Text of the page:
ECE2017 Eposter Presentations: Interdisciplinary Endocrinology Neuroendocrinology (3 abstracts)
Introduction: A well known side effect of glucocorticoid treatment is abdominally centred weight gain due to increased sensation of hunger but the underlying mechanism is still only incompletely clarified. To elucidate whether the brain reward system is involved in this regulation we studied here the effects of an acute prednisolone infusion on brain centres responding to food stimulation by fMRI in healthy males and correlated these findings to the 24 h food intake of the subjects.
Methods:: 20 healthy normal-weight men were tested in a prospective randomized cross-over setting after an overnight fast respectively. They were either infused for 30 min with 250 mg prednisolone or placebo. fMRI scans were taken 4 h later while presenting food and object pictures. At the following morning participants had a supervised breakfast at a standardized buffet. All were restricted from eating during the four hours until fMRI and kept a food diary until the next morning.
Results: When presenting palatable food pictures in contrast to object pictures we obtained a significant activation in brain regions known to be part of the food reward system like the hippocampus, anterior cingulate cortex, bilateral amygdala and insula. Application of prednisolone significantly increased the activity in the bilateral amygdala and right insula in contrast to placebo. The buffet test did not reveal any significant difference in calorie intake or preferences of different macronutrients nor did the food diary.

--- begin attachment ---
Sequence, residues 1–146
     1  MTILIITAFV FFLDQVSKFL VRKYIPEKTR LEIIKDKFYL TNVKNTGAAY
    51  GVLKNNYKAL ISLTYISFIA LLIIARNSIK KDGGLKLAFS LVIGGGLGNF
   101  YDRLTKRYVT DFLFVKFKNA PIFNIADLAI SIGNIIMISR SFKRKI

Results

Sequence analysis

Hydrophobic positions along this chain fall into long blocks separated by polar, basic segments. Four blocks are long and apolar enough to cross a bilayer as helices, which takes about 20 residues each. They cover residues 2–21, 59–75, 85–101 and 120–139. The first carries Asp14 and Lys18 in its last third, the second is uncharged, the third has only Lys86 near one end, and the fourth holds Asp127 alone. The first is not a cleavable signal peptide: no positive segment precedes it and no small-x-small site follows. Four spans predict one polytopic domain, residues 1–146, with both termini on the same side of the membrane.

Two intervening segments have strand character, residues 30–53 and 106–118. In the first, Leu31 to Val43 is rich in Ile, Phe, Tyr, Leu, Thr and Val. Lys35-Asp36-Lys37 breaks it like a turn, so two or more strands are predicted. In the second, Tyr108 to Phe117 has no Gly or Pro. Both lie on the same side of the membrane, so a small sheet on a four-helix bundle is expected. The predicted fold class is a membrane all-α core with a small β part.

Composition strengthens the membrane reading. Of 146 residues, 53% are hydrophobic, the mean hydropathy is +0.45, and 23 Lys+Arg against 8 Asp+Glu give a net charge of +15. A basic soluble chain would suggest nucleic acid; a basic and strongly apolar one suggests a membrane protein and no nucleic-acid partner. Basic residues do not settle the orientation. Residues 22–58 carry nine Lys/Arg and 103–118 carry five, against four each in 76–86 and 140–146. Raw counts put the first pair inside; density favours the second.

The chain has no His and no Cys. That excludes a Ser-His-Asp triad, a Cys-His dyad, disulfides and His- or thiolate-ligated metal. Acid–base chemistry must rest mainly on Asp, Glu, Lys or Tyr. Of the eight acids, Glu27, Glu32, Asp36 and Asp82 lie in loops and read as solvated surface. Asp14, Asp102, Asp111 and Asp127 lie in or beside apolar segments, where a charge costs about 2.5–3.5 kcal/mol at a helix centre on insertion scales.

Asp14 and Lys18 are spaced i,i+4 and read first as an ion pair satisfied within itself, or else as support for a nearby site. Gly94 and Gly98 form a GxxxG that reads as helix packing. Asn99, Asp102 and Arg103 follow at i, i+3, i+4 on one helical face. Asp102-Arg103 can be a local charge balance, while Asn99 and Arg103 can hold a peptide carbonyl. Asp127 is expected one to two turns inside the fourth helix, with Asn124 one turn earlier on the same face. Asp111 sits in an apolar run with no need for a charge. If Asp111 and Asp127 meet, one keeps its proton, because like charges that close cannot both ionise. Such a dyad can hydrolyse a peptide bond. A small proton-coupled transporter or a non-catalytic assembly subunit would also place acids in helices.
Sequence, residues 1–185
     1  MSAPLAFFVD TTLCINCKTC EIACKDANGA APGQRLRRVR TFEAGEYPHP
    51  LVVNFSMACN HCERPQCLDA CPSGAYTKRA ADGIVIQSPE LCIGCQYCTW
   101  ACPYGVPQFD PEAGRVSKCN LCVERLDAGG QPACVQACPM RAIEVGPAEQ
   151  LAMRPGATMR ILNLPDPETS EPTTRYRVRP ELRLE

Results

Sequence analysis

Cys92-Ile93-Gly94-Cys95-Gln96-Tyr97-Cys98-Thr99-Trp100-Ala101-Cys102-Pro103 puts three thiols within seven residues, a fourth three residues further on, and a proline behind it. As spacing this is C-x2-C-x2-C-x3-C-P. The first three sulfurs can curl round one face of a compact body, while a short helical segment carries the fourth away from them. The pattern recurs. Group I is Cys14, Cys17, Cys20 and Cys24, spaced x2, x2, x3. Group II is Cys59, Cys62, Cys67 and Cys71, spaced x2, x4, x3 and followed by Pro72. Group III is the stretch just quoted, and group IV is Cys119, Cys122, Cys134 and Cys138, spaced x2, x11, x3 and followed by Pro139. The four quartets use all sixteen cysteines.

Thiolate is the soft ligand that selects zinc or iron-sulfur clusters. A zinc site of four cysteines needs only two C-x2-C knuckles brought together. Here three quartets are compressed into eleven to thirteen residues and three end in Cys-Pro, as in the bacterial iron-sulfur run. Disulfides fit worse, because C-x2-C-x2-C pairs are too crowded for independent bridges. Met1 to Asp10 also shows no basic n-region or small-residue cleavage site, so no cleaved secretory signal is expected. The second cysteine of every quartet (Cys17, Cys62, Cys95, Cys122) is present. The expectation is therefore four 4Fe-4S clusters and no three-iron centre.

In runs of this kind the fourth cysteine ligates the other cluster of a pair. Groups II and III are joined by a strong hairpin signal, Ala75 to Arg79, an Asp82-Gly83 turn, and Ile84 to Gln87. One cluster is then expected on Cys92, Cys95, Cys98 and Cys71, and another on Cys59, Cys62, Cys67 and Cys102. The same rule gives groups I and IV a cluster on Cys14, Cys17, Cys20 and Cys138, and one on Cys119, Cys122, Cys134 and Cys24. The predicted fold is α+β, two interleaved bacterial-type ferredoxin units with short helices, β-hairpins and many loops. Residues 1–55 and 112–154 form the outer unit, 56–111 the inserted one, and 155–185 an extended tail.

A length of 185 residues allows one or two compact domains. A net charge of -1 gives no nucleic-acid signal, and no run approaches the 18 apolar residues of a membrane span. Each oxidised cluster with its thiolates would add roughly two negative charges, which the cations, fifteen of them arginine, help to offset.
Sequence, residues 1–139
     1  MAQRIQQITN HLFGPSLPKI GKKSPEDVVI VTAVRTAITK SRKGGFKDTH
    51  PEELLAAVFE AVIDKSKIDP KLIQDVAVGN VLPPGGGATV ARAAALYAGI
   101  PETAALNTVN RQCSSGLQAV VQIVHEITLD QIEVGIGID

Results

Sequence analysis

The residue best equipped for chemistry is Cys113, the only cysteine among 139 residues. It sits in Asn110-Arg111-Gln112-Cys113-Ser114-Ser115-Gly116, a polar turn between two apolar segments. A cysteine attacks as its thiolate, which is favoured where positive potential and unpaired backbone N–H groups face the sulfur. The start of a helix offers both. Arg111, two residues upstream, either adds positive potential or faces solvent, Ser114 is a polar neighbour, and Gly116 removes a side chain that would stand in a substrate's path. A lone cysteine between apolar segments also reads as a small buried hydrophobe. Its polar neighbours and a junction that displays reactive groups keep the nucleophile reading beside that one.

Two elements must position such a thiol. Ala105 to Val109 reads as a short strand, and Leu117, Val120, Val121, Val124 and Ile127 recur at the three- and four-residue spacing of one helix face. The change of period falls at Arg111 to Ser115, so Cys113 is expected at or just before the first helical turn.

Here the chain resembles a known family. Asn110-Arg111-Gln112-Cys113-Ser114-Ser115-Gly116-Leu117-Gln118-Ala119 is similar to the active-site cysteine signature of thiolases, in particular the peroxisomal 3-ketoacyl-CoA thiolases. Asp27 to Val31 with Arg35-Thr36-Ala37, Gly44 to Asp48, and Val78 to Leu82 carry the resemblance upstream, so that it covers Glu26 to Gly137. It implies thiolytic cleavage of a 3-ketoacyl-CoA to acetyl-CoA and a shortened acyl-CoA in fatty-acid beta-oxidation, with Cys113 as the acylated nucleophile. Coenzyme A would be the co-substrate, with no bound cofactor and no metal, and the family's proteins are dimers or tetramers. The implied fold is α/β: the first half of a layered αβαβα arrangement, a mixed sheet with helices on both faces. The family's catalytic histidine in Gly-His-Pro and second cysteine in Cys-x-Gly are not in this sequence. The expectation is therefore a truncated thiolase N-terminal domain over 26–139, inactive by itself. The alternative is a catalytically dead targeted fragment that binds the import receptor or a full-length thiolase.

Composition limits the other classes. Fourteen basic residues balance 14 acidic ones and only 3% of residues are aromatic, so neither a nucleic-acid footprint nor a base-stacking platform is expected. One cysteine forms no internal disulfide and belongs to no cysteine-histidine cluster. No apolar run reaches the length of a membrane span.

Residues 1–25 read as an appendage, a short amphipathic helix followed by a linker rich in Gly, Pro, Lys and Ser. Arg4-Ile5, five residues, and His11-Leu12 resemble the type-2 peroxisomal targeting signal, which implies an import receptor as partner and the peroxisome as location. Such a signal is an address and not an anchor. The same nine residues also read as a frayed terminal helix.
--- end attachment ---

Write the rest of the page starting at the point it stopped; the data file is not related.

Discussion: The present imaging results support a direct stimulatory, prednisolone specific effect on food reward centres in the bilateral amygdala and the right insula. This interaction may represent an increased anticipated reward value of high calorie food mediated by glucocorticoids, an effect which most likely needs to be present for a prolonged period of time to relate to a measurably increased food intake (supported by DFG).
20 May 2017 - 23 May 2017